Originally Posted by jlightner
Many root commands require the root "user" rather than a root "group". Many of these commands can have different "groups" such as sys, adm, root etc..."
I can't really comment on your attempt to use Windows tools for administering Linux but will caution you to be sure you keep a real root password for each server as there are times you can bring the system up in states like single user where no outside connection is going to work. You do NOT want to rely on having access to some centralized authentication source (or even terminals) in those cases.
What you might try if you're attempting login and then becoming root is to create individual users for each admin and setup sudo (man sudo, man visudo) to allow those admins to switch to root at need.
I'm not actually trying to use Microsoft tools, just the Microsoft account as my Authentication and Authorization functionality in Linux (i.e. I want to be able to login with my AD creds and administer the Linux box, hopefully without sudo or su). I already have sudo working, but typically prefer that there is some level of Accounting (i.e. I like AAA), and given my general newbieness in Linux I'm not sure I can get accounting/auditing in a good fashion if everyone sudos root.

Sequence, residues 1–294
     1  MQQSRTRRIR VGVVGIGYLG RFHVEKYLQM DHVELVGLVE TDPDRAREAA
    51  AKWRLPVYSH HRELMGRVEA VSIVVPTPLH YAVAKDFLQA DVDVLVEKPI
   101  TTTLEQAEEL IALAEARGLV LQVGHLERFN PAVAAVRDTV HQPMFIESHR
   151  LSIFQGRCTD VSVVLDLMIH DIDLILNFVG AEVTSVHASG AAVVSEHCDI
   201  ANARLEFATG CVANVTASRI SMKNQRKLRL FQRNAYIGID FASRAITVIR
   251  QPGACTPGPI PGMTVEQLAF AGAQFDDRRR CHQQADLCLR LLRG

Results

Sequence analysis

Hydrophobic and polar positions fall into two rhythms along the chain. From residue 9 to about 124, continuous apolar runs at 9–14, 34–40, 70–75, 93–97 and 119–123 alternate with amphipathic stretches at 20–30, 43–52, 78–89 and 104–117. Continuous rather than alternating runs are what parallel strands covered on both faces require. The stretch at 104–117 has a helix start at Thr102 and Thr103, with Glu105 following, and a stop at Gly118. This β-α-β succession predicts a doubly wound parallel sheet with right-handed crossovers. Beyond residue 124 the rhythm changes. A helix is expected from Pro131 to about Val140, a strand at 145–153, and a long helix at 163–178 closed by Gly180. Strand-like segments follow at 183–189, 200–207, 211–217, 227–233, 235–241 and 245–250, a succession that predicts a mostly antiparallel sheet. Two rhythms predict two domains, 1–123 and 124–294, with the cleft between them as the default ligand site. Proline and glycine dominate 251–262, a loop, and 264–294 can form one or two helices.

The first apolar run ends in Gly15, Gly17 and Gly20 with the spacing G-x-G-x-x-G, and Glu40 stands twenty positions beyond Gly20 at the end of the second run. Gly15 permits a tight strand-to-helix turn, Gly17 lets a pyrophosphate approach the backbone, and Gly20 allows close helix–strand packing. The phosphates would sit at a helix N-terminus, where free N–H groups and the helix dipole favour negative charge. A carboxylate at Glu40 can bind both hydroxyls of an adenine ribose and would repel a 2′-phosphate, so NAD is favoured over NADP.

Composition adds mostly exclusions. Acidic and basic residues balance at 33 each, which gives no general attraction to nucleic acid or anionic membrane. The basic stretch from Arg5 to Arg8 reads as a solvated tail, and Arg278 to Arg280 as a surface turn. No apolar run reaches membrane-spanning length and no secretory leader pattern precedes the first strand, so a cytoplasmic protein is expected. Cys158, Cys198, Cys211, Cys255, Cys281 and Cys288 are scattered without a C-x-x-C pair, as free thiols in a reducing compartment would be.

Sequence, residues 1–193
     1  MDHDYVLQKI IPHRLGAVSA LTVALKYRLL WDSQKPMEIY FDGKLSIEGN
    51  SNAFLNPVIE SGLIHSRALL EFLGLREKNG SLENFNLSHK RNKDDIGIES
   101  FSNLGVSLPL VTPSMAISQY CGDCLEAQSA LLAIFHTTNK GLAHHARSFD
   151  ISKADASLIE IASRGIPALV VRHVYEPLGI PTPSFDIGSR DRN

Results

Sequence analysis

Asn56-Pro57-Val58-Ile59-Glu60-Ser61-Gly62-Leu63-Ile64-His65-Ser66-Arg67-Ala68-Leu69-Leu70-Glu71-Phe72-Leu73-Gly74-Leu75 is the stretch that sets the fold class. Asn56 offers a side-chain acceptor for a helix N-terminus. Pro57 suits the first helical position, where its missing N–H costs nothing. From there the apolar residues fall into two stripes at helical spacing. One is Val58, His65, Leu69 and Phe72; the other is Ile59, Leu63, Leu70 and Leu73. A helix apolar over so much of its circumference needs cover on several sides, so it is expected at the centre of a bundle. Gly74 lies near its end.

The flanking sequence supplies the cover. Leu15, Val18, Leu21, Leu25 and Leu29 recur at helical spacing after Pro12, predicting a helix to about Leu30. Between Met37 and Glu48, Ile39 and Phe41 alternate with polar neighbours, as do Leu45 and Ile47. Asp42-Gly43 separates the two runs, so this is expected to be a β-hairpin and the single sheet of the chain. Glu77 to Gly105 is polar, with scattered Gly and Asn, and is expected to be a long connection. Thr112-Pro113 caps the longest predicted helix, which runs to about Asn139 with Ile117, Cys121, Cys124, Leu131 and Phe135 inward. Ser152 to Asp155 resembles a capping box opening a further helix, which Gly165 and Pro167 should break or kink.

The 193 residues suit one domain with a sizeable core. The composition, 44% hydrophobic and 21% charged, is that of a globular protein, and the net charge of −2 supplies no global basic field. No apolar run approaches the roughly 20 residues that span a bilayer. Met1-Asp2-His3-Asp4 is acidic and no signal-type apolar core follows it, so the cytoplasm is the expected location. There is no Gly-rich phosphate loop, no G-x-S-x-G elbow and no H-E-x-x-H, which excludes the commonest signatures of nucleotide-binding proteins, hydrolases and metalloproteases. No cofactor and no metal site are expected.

I am also using the root group, because of my ignorance (which I profess to) with Linux. Ultimately I am trying to understand how to make NT groups become Unix groups. These systems will become Anti-spam boxes and will only have port 25 exposed to the internet, but the Anti-spam package I have also uses unix group membership to administer the programs, and here again I would like to simply have the appropriate team/NT group automatically have rights into Linux, without having to create accounts on every linux box I have.
Any ideas on how to make the NT group become the Unix group, it appears as if groupmap is meant to make Unix groups useable by NT (and I want to go the other way).